Unrestricted M: Suicide, sex scenes, offensive language and drug use
This page outlines how the classification criteria were applied. We do our best to discuss the content while avoiding spoilers, but please avoid reading this information if you do not want to learn anything about the content of this movie.
A Star is Born was given an updated descriptive note in NZ within its first week of exhibition.
A Star is Born was not classified by the OFLC when it released in New Zealand. It had been rated an M in Australia so was automatically cross-rated M (Unrestricted, suitable for 16 years and over) in New Zealand by the Film & Video Labelling Body. At that stage, it carried a descriptive note ‘Sex scenes, offensive language and drug use.’ The Chief Censor required that the warning note be updated to include ‘suicide’ after receiving complaints from members of the public, including health care providers.
The first complaint involved Police Victim Support advising that they responded to two vulnerable young people who had been severely triggered by the scene. The Mental Health Foundation also informed us of a number of complaints.
The method of suicide used in A Star Is Born is the most common method of suicide in NZ.
Chief Censor David Shanks says that although A Star Is Born handles the topic relatively sensitively, the OFLC felt it was in the best interest of the NZ public to add a warning, particularly considering NZ’s appalling suicide rate. “Many people in New Zealand have been impacted by suicide. For those who have lost someone close to them, a warning gives them a chance to make an informed choice about watching,” says David.
The Film & Video Labelling Body issued a new certificate to be displayed and alerted exhibitors to the note change so that they could update their information. Where possible, the distributor must update the label on all advertising.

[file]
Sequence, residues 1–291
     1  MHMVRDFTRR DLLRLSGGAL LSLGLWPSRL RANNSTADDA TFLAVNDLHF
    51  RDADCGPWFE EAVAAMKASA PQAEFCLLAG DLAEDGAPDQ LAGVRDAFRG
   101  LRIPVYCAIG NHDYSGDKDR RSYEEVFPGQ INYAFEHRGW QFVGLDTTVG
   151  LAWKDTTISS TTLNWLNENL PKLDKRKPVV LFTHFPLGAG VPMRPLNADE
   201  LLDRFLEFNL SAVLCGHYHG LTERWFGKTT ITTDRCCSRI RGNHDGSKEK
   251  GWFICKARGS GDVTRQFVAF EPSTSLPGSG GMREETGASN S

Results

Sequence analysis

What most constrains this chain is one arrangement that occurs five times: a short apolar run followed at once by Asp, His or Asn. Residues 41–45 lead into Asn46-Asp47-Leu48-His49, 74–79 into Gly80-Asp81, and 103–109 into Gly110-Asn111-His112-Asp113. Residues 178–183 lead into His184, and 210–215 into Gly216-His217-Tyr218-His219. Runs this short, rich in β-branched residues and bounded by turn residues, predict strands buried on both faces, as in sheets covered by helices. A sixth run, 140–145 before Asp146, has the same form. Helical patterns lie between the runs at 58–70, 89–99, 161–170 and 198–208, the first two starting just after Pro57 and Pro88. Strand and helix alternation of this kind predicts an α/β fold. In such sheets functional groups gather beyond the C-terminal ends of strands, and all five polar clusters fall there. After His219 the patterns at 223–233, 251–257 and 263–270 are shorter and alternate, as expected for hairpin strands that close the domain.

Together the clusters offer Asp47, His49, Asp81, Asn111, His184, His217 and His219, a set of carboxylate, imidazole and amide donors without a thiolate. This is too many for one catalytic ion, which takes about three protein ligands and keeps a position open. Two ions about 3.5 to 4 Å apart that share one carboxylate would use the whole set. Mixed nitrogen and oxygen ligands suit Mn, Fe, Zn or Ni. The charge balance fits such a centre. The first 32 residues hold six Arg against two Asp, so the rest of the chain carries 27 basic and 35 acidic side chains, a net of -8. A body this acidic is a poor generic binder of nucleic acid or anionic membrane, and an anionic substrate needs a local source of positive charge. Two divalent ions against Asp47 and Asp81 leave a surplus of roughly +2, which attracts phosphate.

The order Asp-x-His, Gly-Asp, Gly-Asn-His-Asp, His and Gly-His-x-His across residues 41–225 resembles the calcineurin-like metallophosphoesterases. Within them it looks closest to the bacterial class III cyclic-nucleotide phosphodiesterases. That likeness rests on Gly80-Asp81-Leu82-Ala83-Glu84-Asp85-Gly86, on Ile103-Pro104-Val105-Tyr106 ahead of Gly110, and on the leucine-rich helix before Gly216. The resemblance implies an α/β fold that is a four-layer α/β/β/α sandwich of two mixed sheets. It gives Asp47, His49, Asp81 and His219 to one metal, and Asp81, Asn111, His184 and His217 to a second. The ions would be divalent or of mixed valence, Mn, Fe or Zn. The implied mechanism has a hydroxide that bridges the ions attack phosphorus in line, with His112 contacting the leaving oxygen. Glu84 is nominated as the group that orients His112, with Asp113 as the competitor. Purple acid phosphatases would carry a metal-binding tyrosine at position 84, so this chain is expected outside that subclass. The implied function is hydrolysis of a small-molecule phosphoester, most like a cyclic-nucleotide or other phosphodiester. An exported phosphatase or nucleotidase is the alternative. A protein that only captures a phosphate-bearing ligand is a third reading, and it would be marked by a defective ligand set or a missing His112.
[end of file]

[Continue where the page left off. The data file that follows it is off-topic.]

“We avoid unnecessary ‘spoilers’, but properly informing the viewing public is our primary concern.”
Date registered: 19/10/2018
A Star is Born is the fourth iteration of a well-known rags-to-riches tale, originally written and filmed in the 1930’s. The 2018 update tells the story of aspiring singer-songwriter ‘Ally’ and her star crossed romance with grizzled country-rock star, Jackson Maine. Recognising a raw musical talent when he sees one, he plucks her out of obscurity and puts her on the world stage, where she soars. They fall in love and marry, only for Jackson to succumb to his serious drug and alcohol addiction. Romantic tragedy beautifully - but predictably, for those who have seen any of the film’s previous iterations - ensues. Strong performances from the lead actors, an epic soundtrack, and a big, beating heart of a story, make for a brilliant feature.
As the film does not feature content of a level that requires restriction, the depictions of sex and offensive language are low level, though still more suited to a mature audience. Jackson frequently uses drugs and alcohol throughout the feature, but this is accurately portrayed as an unhealthy addiction, and is not glamorised.
The suicide occurs towards the end of the film, and forms the dramatic climax of the story. It is told in a series of short, cut-scenes alternating between Ally’s stage performance, and Jackson’s death at home, alone. The scene itself is restrained. We see him walking into the garage holding a belt. Later, viewed from outside the garage through a small window, we see a man’s torso suspended in the air. His dog lies outside the door. Suicide is also referenced earlier in the feature, when Jackson enters rehab and mentions he tried to kill himself as a 12 year old.
We realise that adding ‘Suicide’ to the descriptive note provides something of a spoiler for those unfamiliar with the previous films. However, given the public reaction, we decided in this case that it was warranted. Forewarned is forearmed - those who have experienced bereavement to suicide should be informed in order to make an educated decision about their own viewing habits.
The Mental Health Foundation have released a great article regarding suicide in movies and television shows. And if you or someone you love are in need of support or experiencing distress, please contact our friends at the following local organisations:
Contact the Information Unit if you require further information on a classification decision.